Projections of Antarctica’s contribution to future sea level rise are associated with significant uncertainty, in part because the observational record is too short to capture long-term processes necessary to estimate ice mass changes over societally relevant timescales. Records of grounding line retreat from the geologic past offer an opportunity to extend our observations of these processes beyond the modern record and to gain a more comprehensive understanding of ice-sheet change. Here, we present constraints on the timing and inland extent of deglacial grounding line retreat in the southern Ross Sea, Antarctica, obtained via direct sampling of a subglacial lake located 150 km inland from the modern grounding line and beneath >1 km of ice. Isotopic measurements of water and sediment from the lake enabled us to evaluate how the subglacial microbial community accessed radiocarbon-bearing organic carbon for energy, as well as where it transferred carbon metabolically. Using radiocarbon as a natural tracer, we found that sedimentary organic carbon was microbially translocated to dissolved carbon pools in the subglacial hydrologic system during the 4.5-year period of water accumulation prior to our sampling. This finding indicates that the grounding line along the Siple Coast of West Antarctica retreated more than 250 km inland during the mid-Holocene (6.3 ± 1.0 ka), prior to re-advancing to its modern position.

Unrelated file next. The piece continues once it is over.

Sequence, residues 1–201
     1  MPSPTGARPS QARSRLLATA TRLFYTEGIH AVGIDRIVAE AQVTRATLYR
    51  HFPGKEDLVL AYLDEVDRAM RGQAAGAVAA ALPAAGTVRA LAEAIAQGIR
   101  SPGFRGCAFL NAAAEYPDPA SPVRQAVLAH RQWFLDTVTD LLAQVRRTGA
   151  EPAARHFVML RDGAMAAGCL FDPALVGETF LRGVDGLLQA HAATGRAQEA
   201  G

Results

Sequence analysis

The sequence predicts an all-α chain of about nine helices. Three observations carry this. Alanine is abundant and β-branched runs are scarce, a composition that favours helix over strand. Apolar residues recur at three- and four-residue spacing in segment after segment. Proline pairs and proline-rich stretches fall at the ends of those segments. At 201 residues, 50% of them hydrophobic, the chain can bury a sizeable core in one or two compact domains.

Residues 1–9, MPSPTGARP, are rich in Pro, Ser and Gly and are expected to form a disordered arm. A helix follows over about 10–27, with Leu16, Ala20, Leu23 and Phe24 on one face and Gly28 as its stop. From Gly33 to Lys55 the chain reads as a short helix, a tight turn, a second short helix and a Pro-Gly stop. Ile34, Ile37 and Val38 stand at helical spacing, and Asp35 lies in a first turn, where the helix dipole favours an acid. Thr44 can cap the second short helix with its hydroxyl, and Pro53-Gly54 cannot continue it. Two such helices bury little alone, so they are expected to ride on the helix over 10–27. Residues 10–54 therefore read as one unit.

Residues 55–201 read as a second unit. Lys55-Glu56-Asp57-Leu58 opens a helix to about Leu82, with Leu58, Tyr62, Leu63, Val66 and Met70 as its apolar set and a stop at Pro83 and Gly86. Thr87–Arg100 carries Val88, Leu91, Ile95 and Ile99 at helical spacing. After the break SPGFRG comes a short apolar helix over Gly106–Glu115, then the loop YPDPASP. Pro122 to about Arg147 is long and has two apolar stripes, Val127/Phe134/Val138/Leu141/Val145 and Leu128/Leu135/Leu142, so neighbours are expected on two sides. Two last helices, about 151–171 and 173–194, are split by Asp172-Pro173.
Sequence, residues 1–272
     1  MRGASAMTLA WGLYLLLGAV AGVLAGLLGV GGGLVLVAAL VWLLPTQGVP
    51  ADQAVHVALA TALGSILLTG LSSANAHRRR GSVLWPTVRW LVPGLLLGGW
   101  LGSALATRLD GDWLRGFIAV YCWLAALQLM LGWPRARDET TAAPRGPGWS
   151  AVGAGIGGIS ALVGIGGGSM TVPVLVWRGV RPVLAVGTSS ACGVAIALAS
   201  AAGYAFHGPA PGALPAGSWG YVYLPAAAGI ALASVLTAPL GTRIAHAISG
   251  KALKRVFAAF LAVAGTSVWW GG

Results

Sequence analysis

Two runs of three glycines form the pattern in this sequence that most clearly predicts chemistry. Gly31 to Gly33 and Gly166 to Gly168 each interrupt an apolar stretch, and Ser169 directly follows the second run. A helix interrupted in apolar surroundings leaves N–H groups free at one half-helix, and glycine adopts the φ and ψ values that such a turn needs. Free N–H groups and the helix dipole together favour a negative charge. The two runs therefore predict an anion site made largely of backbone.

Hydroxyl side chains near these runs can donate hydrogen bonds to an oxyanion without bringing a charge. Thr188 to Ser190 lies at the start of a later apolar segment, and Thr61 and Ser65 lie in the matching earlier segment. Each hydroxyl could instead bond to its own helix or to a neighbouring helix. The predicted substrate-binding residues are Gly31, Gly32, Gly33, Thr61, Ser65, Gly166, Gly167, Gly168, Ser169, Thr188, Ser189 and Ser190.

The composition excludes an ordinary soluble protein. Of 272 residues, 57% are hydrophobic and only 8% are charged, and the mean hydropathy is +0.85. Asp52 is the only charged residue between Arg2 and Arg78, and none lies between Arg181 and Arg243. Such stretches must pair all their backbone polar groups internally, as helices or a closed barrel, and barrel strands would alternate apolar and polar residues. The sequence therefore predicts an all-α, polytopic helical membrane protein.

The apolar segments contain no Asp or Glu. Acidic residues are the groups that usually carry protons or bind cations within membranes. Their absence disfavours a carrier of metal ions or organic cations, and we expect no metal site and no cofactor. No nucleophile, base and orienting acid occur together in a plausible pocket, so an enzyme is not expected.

In Print: Jill Olin

Congratulations to Jill Olin and her postdoctoral fellow, Jim Junker, who recently published a paper titled “Can biodiversity of preexisting and created salt marshes match across scales? An assessment from microbes to predators” in the Ecosphere Journal. You can learn more about the research on the LSU website.

Jill Olin
Jill Olin
Jim Junker